HSBC again slashing AAPL target, based on continued iPhone and China woes
HSBC has joined the ranks of analysts and investors who have lowered their expectations for Apple after the company's revenue warning, with the firm seeing issues both with the iPhone's average selling price and how the company is handling multiple issues in China.
In a note to investors on Wednesday titled "China bites even more," HSBC's analysts admitted "although we had expected challenges for Apple in China and other economies, the intensity has surprised us to the downside.
HSBC has altered its price target for Apple a second time in a two-month period, setting the target from $200 to $160 per share, a more dramatic reduction compared to December's drop from $205 to $200.
HSBC's note follows a week after Apple warned investors it was anticipating reduced revenue for its quarterly result of $84 billion, down from its originally anticipated range of between $89 billion and $93 billion. Apple CEO Tim Cook highlighted "lower than anticipated iPhone revenue, primarily in Greater China," as being the main cause for the revenue shortfall, with weaker iPhone upgrades being a major issue.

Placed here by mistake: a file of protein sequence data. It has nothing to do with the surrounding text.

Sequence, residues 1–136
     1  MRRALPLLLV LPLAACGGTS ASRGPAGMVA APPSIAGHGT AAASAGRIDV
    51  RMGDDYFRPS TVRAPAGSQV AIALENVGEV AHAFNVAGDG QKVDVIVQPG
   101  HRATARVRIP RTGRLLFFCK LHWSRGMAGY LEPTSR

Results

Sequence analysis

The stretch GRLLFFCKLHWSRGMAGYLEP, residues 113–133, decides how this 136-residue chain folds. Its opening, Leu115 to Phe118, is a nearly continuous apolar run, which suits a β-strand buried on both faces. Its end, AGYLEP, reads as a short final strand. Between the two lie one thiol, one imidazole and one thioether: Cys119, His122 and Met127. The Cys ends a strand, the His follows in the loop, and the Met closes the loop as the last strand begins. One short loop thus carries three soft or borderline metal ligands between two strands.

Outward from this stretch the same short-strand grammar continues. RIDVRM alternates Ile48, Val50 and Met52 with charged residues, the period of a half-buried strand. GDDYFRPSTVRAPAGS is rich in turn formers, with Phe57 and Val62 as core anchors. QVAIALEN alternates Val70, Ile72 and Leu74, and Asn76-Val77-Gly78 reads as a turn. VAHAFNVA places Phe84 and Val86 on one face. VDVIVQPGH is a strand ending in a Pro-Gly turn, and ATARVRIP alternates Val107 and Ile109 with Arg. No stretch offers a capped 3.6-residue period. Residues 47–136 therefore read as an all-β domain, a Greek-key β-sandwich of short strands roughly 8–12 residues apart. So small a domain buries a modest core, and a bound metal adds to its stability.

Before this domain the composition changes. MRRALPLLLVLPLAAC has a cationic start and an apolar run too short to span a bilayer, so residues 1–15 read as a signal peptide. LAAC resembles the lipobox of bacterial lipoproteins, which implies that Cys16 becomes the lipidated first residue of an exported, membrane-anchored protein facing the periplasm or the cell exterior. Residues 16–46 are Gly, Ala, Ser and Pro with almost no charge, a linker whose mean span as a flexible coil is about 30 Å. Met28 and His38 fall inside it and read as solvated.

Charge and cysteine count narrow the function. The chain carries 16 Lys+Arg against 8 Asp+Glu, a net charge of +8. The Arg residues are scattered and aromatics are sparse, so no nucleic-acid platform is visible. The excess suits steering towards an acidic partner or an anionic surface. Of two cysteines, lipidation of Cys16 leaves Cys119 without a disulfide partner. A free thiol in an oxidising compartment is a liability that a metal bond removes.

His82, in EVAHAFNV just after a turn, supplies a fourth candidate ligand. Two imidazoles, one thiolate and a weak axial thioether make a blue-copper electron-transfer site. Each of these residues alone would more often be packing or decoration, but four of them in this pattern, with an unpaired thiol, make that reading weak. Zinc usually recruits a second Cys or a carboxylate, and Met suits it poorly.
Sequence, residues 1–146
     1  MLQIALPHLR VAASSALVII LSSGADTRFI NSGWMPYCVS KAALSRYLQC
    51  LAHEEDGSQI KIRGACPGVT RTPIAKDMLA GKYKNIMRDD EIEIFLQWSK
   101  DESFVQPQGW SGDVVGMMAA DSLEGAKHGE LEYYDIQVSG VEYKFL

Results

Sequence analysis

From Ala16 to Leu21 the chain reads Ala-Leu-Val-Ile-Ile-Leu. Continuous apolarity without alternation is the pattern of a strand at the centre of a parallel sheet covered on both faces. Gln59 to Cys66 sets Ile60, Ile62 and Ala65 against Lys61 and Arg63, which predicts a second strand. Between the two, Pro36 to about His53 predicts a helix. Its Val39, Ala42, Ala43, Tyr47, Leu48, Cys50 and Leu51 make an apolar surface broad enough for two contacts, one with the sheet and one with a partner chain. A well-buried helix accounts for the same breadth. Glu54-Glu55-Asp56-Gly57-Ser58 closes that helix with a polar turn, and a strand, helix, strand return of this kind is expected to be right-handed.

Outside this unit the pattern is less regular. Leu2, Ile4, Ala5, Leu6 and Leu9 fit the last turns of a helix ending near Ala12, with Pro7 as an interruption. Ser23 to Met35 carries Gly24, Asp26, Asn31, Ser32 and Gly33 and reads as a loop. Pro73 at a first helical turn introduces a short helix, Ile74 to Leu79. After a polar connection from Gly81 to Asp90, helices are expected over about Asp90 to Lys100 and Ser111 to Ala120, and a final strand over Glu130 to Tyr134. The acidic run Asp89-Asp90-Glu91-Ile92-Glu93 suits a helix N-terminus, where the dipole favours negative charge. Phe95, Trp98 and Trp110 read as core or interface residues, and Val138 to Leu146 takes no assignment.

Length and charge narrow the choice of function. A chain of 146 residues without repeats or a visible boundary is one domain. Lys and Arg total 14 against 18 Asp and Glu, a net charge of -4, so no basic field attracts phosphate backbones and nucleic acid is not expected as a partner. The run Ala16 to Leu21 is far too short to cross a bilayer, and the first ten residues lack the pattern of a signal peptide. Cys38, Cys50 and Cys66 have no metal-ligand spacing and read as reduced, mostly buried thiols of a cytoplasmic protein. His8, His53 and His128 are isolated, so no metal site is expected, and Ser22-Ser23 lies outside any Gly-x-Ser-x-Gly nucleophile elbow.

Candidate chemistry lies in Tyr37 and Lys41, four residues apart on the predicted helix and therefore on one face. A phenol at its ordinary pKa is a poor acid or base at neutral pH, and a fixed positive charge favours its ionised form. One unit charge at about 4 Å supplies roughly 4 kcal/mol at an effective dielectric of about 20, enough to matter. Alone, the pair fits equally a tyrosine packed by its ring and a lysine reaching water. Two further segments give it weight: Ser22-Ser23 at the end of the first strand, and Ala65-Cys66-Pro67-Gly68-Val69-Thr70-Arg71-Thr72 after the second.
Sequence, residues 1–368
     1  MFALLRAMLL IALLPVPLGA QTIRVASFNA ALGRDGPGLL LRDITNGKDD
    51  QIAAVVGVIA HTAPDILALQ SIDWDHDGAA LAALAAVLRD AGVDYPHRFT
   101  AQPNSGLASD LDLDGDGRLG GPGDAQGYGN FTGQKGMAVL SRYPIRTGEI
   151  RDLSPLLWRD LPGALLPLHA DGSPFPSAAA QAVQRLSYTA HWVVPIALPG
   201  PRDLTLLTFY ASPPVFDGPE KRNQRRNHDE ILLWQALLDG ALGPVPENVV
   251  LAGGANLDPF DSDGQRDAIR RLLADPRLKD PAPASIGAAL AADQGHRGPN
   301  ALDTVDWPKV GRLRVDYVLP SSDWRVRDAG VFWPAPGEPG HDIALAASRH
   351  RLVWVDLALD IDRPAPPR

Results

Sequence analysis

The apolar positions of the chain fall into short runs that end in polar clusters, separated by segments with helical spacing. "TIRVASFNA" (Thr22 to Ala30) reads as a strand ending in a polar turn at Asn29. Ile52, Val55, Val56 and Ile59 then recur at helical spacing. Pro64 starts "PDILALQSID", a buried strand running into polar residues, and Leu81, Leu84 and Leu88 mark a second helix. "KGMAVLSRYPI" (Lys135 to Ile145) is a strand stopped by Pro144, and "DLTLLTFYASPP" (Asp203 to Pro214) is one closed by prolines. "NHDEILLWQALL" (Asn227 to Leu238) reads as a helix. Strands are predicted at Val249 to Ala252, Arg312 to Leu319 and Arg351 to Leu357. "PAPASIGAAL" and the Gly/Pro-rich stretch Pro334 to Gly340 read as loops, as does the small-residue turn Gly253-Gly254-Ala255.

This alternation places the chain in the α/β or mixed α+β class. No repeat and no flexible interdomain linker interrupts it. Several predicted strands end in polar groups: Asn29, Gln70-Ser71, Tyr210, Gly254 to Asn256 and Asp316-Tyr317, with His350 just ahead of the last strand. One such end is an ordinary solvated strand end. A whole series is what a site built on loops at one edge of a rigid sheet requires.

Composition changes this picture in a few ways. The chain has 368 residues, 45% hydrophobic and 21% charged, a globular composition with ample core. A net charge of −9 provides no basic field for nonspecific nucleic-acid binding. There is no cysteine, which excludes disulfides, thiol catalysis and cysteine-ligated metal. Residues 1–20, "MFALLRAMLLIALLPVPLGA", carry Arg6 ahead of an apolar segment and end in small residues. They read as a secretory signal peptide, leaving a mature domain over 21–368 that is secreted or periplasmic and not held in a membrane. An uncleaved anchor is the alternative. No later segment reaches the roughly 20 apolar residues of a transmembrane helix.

"China situation remains complex; patents disputes add to the headwinds," advises HSBC, referencing an iPhone ban issued by a Chinese court over alleged infringement of Qualcomm's patents.
China accounted for 20 percent of Apple's total revenue for hardware and Services for the full year of 2018, meaning the country "remains important to Apple," suggests HSBC.
The analysts also blamed the current dispute between the Trump Administration in the United States with the Chinese government. "The US-China trade tensions appear to have not just impacted the Chinese economy, but also consumers' attitude towards Apple products."
HSBC's analysis on China differs from the advice offered by Commerce Secretary Wilbur Ross on Monday, who claimed Apple's financial woes were not due to the trade tensions, but at the same time admitting the tariffs on Chinese imports "certainly has hurt the Chinese economy."
Apple has also become the victim of a product boycott, urged by Chinese firms in response to the tariffs, as well as showing solidarity with Meng Wanzhou, the Huawei CFO who was arrested in China at the request of the U.S. government. Firms in the country have offered to subsidize employee smartphone purchases if they acquire the devices from local vendors, while some issued threats against those buying Apple goods or using iPhones for work.
HSBC joins the chorus of analysts suggesting Apple is in a poor situation, one that issued numerous comments about Apple's guidance miss within days of Apple's announcement, and offering similar statements on Apple's business in China.
While China is a major issue for HSBC, it warns of the problem of relaxed sales growth, with unit shipments somewhat stagnating compared to last year's results, but are saved in part by Apple's high iPhone average selling price. HSBC analyst Erwan Rambourg suggests it will be hard for Apple to continue to "dramatically" raise the ASP for the coming years to combat the sales dropoff.